In my last blog entry, I began telling the story of Max, my project horse from the Colorado Horse Rescue. He was a comedian, with a dark side. Specifically, he liked to scare and bite people.
All the staff members at the rescue were afraid to handle Max, so when it came time for me to take him to my barn, I had to halter him and load him into the trailer. Our first meeting turned out to be important.
My method of training horses is based on seeing the horse as an equal and a partner in the process. I work with horses through love and trust, not violence and fear. So, how was I going to communicate to Max that he was loved and safe, but that his dangerous behavior wasn’t acceptable?
My own rescue horse, Banjo, had also been deemed dangerous. His dangerous behavior was driven by fear. He needed to gain confidence through patient work.
But Max’s story was different. His behavior had a certain amount of premeditation to it. I decided that when I met Max, I’d do my best to keep things pleasant. But if he tried to bite me I’d have to defend myself. (I’m not a fan of hitting horses, but when it comes to a biting horse, you have to protect yourself.)
On the day I went to get Max, the weather was cool and sunny. When I entered the big, dry pasture, he left the large herd and started coming toward me. That was how he approached most of his “victims.”
I was stuck by how handsome he was—this big, solid-black Quarter Horse with a devious twinkle in his eye.
When we reached each other, I began to stroke him and tell him how handsome he was. He seemed relaxed and ready to go. No sign of viciousness.
I slowly moved around to his left side to put on the halter. Then, with no change in his expression or any type of warning, he swung his head around, teeth bared, coming for my shoulder with tremendous force!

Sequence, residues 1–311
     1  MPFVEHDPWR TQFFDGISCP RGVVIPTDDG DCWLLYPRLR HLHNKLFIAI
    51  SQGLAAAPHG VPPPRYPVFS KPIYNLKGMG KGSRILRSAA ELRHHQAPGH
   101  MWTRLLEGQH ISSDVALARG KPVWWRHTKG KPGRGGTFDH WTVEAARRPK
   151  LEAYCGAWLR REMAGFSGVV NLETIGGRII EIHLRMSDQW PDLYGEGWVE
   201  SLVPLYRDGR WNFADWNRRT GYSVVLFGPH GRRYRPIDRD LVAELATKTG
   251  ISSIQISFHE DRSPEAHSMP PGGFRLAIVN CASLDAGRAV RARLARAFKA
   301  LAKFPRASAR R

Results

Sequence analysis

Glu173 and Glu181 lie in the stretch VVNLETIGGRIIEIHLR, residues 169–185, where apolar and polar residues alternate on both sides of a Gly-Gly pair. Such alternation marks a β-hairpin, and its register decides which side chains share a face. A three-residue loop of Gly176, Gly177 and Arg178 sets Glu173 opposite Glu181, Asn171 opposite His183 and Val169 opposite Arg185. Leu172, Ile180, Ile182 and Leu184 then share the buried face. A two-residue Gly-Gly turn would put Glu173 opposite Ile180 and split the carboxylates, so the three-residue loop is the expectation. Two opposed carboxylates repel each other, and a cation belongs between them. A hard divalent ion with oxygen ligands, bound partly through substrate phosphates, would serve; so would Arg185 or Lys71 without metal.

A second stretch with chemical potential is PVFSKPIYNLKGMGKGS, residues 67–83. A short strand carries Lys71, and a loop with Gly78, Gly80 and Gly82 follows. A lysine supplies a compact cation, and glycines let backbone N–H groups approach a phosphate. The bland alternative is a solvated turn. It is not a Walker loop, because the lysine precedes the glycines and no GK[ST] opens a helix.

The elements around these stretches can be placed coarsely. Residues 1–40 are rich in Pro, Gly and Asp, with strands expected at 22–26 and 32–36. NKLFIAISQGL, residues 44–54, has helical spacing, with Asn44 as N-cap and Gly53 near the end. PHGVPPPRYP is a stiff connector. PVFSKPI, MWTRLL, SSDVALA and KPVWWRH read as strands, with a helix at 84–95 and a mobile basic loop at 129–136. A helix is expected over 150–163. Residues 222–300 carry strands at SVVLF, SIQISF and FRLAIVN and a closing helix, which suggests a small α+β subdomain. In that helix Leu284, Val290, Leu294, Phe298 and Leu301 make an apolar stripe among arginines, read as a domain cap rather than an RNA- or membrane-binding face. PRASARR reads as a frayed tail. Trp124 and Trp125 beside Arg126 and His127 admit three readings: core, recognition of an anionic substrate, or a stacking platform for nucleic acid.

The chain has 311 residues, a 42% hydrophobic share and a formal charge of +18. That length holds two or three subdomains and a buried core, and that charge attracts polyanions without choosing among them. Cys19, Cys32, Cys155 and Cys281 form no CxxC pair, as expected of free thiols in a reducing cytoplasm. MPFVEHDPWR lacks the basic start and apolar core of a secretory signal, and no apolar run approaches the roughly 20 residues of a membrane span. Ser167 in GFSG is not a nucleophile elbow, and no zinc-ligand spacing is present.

I was ready for him. I brought my hand down hard on his nose. He stopped short with a surprised expression in his face. Shock actually. Then he calmly turned his head around and waited patiently while I haltered him.
As I walked him quietly to the trailer, I could see the wheels turning in his head. Was he was plotting his next move? I easily loaded him into the trailer, and off we went.
Round one goes to Cate. But what would happen in the coming weeks?
If you want more information on rescue horses or you want to locate a rescue near you, please check out AHomeForEveryHorse.com. Equine.com and the Active Interest Media Equine Network have joined forces with the American Horse Council’s Unwanted Horse Coalition to launch A Home for Every Horse Project.
This project helps find homes for America’s 170,000 to 200,000 horses in need of care and shelter.
Here’s how it works:
- Begin the search for your next equine partner at AHomeForEveryHorse.com. You can search horses waiting for homes at nonprofit shelters across the country. Browse by rescue horse, or find rescue organizations in your area.
- Visit the site’s “Services” section to learn about your local rescue organizations. Find out how you can volunteer, donate, or simply spread the word.
- Look for upcoming stories on EquiSearch.com related to horse rescue.
If your 501(c)(3) rescue organization would like to join the Home For Every Horse Project, call (866) 467-7323. Equine.com is a part of Active Interest Media Equine Network.